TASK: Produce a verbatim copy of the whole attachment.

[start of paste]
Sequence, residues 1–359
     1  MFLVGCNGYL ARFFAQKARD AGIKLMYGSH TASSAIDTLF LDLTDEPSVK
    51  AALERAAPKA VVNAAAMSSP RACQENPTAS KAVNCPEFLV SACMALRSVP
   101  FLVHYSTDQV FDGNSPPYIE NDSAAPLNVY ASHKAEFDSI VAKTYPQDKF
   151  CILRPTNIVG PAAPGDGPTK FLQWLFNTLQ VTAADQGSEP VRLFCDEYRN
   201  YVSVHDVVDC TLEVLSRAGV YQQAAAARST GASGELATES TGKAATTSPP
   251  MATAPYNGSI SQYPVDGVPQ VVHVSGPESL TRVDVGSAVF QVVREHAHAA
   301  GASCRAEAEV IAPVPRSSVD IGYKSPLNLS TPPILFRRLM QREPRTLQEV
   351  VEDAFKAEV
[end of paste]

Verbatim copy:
Sequence, residues 1–359
     1  MFLVGCNGYL ARFFAQKARD AGIKLMYGSH TASSAIDTLF LDLTDEPSVK
    51  AALERAAPKA VVNAAAMSSP RACQENPTAS KAVNCPEFLV SACMALRSVP
   101  FLVHYSTDQV FDGNSPPYIE NDSAAPLNVY ASHKAEFDSI VAKTYPQDKF
   151  CILRPTNIVG PAAPGDGPTK FLQWLFNTLQ VTAADQGSEP VRLFCDEYRN
   201  YVSVHDVVDC TLEVLSRAGV YQQAAAARST GASGELATES TGKAATTSPP
   251  MATAPYNGSI SQYPVDGVPQ VVHVSGPESL TRVDVGSAVF QVVREHAHAA
   301  GASCRAEAEV IAPVPRSSVD IGYKSPLNLS TPPILFRRLM QREPRTLQEV
   351  VEDAFKAEV